Change is a reality of life, and if you are a church leader then leading change in the church will be something you will be uniquely familiar with. Because the church is people, and people change, it is inevitable. Change really means transition – a move from one state to another. In that sense, there is always change occurring around us – or even within us!
Being a leader means being an agent of change. As John Maxwell says, “leadership is influence”. Influence seeks to lead someone to make a change, so change is part of the church leaders job description.
Change does bring about tension, especially when we consider apostolic and prophetic tension and desired change. There is no growth without change, so it is not only a fact of leadership but also a fact of life. Change is intrinsic to the Kingdom of God because of the reality we live in today. Apostolically, heaven and earth are not yet fully in alignment. Arguably, the church’s mission is to bring in more of that alignment. Prophetically, what we see today is not what we are ‘seeing’ tomorrow. Hence, we live in both vertical and horizontal tension.
Types of Change
There are four types of change most common in churches:
Firstly, there is a missional change. That is a change of purpose or re-examining of the ‘why’ that you exist to fulfil.
Secondly, there is a directional change. This is when there is a change of vision or the ‘where’ you are heading towards.
Thirdly, there is a cultural change. This is a change of values, priorities and ‘who’ you are.
Fourthly, there is a structural change. This is a change of people or activity or the ‘how’ that you do things.
Each has its own unique challenges. The question is – how do we lead change well? How do we do it wisely? How can we manage change to be effective and as painless as possible?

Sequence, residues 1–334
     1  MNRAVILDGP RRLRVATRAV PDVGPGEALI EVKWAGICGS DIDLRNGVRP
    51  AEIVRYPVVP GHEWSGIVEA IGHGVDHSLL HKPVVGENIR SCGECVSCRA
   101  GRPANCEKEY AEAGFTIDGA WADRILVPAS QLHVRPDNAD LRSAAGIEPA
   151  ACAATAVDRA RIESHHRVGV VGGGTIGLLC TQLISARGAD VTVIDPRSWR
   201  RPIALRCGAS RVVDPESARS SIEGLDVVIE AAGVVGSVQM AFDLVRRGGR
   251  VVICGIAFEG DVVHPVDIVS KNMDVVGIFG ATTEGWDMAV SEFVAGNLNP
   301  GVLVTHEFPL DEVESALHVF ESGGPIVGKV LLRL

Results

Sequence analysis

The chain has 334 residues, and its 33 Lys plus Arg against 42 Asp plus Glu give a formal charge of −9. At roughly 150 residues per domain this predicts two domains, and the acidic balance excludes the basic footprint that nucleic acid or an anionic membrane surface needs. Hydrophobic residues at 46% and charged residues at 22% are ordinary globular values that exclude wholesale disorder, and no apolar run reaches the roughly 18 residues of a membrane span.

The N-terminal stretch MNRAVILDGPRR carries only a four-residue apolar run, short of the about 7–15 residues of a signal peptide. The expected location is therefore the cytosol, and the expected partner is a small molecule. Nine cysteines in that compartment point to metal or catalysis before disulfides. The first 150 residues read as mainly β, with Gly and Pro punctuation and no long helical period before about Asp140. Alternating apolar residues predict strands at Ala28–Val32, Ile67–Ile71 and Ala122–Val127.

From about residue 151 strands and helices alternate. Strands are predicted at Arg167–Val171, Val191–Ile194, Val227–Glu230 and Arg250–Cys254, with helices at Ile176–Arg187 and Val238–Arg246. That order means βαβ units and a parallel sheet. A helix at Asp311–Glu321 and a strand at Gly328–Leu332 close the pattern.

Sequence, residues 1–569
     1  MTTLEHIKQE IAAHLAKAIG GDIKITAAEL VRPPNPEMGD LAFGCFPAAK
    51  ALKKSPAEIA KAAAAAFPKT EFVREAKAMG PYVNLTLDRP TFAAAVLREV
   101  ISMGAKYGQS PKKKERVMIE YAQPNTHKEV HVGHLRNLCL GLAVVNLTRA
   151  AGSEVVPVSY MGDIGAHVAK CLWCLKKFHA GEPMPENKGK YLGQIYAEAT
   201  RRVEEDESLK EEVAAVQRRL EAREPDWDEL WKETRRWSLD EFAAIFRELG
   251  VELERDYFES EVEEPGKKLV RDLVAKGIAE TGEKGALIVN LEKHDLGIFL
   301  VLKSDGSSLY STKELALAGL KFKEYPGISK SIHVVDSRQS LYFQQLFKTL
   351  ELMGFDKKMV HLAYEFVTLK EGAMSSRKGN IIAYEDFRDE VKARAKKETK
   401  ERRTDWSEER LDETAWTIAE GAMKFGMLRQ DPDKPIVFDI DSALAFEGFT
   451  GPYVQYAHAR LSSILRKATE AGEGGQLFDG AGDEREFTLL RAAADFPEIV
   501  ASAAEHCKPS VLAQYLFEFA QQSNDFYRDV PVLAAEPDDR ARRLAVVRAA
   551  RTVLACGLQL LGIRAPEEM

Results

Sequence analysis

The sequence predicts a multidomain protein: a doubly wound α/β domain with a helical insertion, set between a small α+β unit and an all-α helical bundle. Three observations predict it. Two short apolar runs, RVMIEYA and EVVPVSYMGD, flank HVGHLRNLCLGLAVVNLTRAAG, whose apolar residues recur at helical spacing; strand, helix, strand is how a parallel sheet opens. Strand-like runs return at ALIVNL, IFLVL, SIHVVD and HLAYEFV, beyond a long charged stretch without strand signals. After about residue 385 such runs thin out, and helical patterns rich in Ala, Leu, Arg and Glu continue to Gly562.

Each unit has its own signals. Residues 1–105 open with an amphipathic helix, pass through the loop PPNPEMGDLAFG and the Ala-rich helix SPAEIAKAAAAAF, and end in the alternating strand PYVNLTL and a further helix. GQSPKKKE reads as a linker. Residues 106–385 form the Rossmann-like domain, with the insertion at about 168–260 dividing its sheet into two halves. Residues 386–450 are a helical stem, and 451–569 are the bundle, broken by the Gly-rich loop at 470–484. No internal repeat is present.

Whatever the changes that are being proposed, different people will have different opinions on it. Change will be viewed by some as:
- Alarming or a threat
- Wasteful – time or money
- Much needed
People view change suspiciously, ultimately, for one of two reasons. Perhaps it is connected to what they see. This is a question of vision – perhaps they don’t like where they think the change will lead them. Alternatively, it is more about what they feel. This is a question of values – they don’t like what it will mean to be a part of things post-change. Perhaps they have different values or a different understanding of what those values demonstrated look like. Either way, whether it is a question of vision or values, people need to be pastored through change. Some people will be won over – but some won’t! Some people will take time to win over, and others need no persuading. All this different people types need different care.
As leaders, how can we lead change in the church well? I have ten suggestions that I believe will guide us during these moments: